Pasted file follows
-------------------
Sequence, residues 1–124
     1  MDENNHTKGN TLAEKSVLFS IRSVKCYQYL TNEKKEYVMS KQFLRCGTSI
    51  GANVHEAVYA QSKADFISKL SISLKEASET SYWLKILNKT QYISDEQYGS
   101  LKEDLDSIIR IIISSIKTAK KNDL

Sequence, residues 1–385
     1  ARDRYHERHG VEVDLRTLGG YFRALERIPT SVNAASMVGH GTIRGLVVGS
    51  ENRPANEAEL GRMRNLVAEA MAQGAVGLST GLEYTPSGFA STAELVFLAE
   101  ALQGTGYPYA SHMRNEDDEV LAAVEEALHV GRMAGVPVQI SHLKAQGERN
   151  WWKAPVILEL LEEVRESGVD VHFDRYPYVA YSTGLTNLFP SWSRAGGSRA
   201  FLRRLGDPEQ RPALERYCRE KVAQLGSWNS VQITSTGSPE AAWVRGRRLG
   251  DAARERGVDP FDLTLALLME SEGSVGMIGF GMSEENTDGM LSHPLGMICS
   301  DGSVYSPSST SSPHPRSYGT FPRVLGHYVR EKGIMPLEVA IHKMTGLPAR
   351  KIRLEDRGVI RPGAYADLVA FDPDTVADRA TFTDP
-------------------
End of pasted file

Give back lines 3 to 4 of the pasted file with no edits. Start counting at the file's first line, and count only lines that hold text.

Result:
    51  GANVHEAVYA QSKADFISKL SISLKEASET SYWLKILNKT QYISDEQYGS
   101  LKEDLDSIIR IIISSIKTAK KNDL